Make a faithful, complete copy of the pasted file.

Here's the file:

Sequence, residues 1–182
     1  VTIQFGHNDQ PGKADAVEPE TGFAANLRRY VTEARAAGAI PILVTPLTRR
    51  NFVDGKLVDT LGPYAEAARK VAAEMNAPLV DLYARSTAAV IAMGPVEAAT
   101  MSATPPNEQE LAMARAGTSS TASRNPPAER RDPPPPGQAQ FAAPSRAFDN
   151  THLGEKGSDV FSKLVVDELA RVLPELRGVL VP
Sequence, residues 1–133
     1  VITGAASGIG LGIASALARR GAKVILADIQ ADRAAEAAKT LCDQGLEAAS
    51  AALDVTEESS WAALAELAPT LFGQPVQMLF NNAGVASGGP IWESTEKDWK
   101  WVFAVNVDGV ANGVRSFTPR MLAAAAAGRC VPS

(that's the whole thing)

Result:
Sequence, residues 1–182
     1  VTIQFGHNDQ PGKADAVEPE TGFAANLRRY VTEARAAGAI PILVTPLTRR
    51  NFVDGKLVDT LGPYAEAARK VAAEMNAPLV DLYARSTAAV IAMGPVEAAT
   101  MSATPPNEQE LAMARAGTSS TASRNPPAER RDPPPPGQAQ FAAPSRAFDN
   151  THLGEKGSDV FSKLVVDELA RVLPELRGVL VP
Sequence, residues 1–133
     1  VITGAASGIG LGIASALARR GAKVILADIQ ADRAAEAAKT LCDQGLEAAS
    51  AALDVTEESS WAALAELAPT LFGQPVQMLF NNAGVASGGP IWESTEKDWK
   101  WVFAVNVDGV ANGVRSFTPR MLAAAAAGRC VPS